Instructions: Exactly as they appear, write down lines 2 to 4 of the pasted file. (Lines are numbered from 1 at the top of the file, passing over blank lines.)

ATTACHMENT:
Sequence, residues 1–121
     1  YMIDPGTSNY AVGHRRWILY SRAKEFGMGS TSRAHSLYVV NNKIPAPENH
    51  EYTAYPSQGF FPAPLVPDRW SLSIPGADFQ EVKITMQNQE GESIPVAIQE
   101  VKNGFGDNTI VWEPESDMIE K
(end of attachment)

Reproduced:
     1  YMIDPGTSNY AVGHRRWILY SRAKEFGMGS TSRAHSLYVV NNKIPAPENH
    51  EYTAYPSQGF FPAPLVPDRW SLSIPGADFQ EVKITMQNQE GESIPVAIQE
   101  VKNGFGDNTI VWEPESDMIE K